|Image: Gozo Ninu's Cave, entrance, Anne Oldham.
© Tony Oldham, 21-FEB-2002, with kind permission.
|Location:||Xaghra, Gozo. In the rear of No 15 January Street (15 Triq Jannar).|
All year daily 8:30-18.
|Fee:||Adults EUR 1|
|Guided tours:||self guided tour|
|Accessibility:||Not accessible, many stairs|
Trevor S. Shaw (1951):
The Caves of Gozo,
BSA Cave Science, (16) pp. 339-347.
|Address:||Għar Ninu, 15 Triq Jannar, Xaghra, Gozo, Tel: +356-556863.|
|As far as we know this information was accurate when it was published (see years in brackets), but may have changed since then.|
Please check rates and details directly with the companies in question if you need more recent info.
|Last update:||$Date: 2015/08/30 21:57:21 $|
|1888||discovered by Joseph Rapa.|
This cave is located in the rear of No 15 January Street, about 75m north west of the parish church, in the village of Xaghra, 3km north east of Rabat on top of Ta Xaghra hill and well signposted. The granddaughter of the discoverer will answer questions and allow the visitor to take a self guided tour. The cave is illuminated by electric lights.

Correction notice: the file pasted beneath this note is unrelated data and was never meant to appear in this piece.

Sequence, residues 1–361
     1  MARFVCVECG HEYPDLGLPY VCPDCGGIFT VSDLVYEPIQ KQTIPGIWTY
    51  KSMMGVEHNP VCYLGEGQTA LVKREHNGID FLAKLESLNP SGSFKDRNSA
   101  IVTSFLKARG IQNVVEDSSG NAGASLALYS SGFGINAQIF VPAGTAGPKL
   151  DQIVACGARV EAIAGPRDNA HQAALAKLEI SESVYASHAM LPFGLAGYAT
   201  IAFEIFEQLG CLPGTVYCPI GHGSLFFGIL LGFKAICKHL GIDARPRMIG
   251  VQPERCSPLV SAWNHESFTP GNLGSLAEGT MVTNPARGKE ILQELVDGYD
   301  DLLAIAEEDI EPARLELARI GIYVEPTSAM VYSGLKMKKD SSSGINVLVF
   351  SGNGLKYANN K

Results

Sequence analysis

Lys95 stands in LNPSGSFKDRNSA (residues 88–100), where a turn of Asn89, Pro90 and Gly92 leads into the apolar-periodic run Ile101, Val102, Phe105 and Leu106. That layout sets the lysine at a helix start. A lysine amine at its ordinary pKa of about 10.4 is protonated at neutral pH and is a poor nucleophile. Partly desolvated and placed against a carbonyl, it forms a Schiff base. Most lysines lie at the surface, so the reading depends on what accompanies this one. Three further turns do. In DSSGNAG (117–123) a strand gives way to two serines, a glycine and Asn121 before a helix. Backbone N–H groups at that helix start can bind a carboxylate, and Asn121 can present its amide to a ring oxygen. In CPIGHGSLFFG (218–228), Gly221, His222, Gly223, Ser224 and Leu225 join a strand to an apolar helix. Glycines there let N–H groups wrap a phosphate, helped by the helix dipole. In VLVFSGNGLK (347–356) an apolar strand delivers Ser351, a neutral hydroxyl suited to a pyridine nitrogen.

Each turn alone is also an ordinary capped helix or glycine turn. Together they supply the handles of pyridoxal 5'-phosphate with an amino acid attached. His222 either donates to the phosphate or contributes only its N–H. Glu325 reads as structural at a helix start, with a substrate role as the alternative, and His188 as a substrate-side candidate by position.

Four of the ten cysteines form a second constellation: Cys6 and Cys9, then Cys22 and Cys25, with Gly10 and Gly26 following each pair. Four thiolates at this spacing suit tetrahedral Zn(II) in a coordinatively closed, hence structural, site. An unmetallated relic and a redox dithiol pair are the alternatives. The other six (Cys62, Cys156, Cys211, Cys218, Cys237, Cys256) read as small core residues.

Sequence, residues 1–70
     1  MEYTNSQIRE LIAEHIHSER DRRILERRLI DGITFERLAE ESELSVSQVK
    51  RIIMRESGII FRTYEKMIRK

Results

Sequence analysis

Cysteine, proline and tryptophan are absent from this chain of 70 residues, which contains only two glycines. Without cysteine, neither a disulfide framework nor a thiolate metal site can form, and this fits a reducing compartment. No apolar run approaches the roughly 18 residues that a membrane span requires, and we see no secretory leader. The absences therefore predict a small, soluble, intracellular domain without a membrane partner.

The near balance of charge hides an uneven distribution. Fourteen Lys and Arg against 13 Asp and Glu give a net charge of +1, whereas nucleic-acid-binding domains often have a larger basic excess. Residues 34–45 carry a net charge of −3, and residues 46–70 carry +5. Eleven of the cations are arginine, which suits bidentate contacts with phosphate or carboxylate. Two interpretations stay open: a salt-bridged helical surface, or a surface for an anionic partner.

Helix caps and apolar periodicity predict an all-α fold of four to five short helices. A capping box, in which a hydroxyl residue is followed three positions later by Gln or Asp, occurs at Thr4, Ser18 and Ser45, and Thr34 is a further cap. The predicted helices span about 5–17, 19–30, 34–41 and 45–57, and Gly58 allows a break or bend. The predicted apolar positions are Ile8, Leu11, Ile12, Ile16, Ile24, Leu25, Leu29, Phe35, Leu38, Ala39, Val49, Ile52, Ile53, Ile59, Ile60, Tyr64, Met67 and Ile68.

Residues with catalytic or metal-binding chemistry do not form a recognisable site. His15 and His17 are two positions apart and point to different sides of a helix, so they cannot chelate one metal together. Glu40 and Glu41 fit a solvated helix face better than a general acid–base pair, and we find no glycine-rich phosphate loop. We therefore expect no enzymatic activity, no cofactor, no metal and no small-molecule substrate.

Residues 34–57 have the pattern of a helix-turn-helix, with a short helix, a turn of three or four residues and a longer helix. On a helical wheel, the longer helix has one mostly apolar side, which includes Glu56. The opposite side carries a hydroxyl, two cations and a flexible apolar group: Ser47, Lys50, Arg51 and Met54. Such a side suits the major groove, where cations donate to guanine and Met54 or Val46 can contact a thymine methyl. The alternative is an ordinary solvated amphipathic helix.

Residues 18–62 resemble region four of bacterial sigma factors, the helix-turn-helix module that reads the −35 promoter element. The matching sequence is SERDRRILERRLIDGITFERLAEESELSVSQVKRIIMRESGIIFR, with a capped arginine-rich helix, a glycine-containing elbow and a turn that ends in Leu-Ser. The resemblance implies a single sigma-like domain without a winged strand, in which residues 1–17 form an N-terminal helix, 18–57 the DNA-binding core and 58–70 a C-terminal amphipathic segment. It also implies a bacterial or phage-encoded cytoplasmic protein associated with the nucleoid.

The cave, which is formed in the Upper Coralline Limestone, was originally discovered in 1888 whilst the householder was digging a well for water. It was immediately considered remarkable because of the prolific number of formations.
It is entered via a 4 m descent down a flight of steps, which end in a large chamber approximately 20 m by 8m. However, because of the thick stalactite columns which stretch from floor to ceiling, it appears to be a passage with other passages going off. Even today the formations are still magnificent with numerous columns standing side by side like some petrified forest. In the past the cave must have been even more spectacular because there is evidence of numerous straw stalactites, which have now been broken off. There are even a few helictites. The formations are now dry and mainly the same colour as the surrounding rock, although some are semitransparent and it is possible to see the rings formed as they grew.
Text by Tony Oldham (2002). With kind permission.
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